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over American vessels on the coasts the Spanish flag found in the ofof the United States or the seas fice carried off and torn in pieces, adjacent thereto.

and he himself induced to flee for Ministers and consuls of fo- his personal safety, which he supreign nations are the means and posed to be in danger.

On reagents of communication between ceiving intelligence of these events us and those nations, and it is of I forth with directed the attorney the utmost importance that, while of the United States residing at residing in the country, they New Orleans to inquire into the should feel a perfect security so facts, and the extent of the pelong as they faithfully discharge cuniary loss sustained by the contheir respective duties, and are sul, with the intention of laying guilty of no violation of our laws. them before you, that you might This is the admitted law of nations, make provision for such indemnity and no country has a deeper in- to him as a just regard for the terest in maintaining it than the honour of the nation, and the reUnited States. Our commerce spect which is due to a friendly spreads over every sea and visits power, might, in your judgment, every clime, and our ministers and seem to require. The corresponconsuls are appointed to protect dence upon this subject, between the interests of that commerce, as the Secretary of State and Her well as to guard the peace of the Catholic Majesty's Minister Plecountry, and maintain the honour nipotentiary, is herewith transmitof its flag. But how can they dis- ted. charge these duties unless they be “ The occurrence at New Orleans themselves protected ? and, if pro- has led me to give my attention to tected, it must be by the laws of the state of our law in regard to the country in which they reside. foreign ambassadors, ministers, and And what is due to our own pub- consuls. I think the legislation lic functionaries residing in foreign of the country is deficient in not nations is exactly the measure of providing sufficiently either for the what is due to the functionaries of protection or the punishment of other Governments residing here. consuls. I therefore recommend As in war the bearers of flags of the subject to the consideration of truce are sacred, or else wars Congress. would be interminable, so in peace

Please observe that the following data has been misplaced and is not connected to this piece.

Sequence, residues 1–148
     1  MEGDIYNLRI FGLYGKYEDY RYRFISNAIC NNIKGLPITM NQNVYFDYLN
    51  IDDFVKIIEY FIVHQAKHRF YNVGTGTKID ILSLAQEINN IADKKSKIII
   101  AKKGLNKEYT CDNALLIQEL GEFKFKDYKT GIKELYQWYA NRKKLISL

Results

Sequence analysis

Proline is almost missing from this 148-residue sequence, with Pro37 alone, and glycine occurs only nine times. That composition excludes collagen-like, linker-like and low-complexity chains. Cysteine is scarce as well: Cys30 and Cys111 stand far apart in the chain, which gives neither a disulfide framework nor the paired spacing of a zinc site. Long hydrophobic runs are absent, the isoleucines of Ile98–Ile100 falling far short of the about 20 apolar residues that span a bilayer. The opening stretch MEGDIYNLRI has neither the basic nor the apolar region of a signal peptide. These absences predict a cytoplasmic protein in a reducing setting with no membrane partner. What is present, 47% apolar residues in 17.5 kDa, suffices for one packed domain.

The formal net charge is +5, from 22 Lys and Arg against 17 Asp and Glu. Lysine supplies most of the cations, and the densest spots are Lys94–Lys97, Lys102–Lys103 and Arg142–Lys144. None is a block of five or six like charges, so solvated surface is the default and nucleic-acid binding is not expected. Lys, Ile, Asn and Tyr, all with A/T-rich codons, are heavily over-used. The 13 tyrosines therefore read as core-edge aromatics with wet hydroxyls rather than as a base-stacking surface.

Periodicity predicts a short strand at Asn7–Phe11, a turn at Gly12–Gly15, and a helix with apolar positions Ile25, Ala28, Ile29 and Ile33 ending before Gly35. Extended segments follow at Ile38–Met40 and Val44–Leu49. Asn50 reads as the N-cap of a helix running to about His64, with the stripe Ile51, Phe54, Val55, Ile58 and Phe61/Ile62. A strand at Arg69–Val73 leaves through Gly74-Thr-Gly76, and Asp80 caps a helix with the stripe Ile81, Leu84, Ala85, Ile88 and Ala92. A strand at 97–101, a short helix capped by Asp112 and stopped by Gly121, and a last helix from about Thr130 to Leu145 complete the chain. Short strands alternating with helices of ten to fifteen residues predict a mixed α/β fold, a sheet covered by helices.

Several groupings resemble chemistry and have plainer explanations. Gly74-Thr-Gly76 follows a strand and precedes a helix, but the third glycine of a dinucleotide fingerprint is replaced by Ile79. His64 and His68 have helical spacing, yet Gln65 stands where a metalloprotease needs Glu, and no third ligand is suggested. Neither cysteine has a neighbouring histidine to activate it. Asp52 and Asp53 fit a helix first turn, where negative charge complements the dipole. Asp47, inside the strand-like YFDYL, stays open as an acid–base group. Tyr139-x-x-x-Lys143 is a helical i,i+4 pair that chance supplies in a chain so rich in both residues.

* The Turkish Government has ambassadors, public ministers, and expressed its thanks for the kind consuls, charged with friendly na- reception given to the Sultan's tional intercourse, are objects of agent, Amin Bey, on the occasion especial respect and protection, of his recent visit to the United each according to the rights be- States. On the 28th of February longing to his rank and station. last a dispatch was addressed by In view of these important prin- the Secretary of State to Mr. ciples it is with deep mortification Marsh, the American Minister at and regret I announce to you that Constantinople, instructing him to during the excitement growing out ask of the Turkish Government of the executions at Havannah, the permission for the Hungarians, office of Her Catholic Majesty's then imprisoned within the doconsul at New Orleans was assailed minions of the Sublime Porte, to by a mob, his property destroyed, remove to this country. On the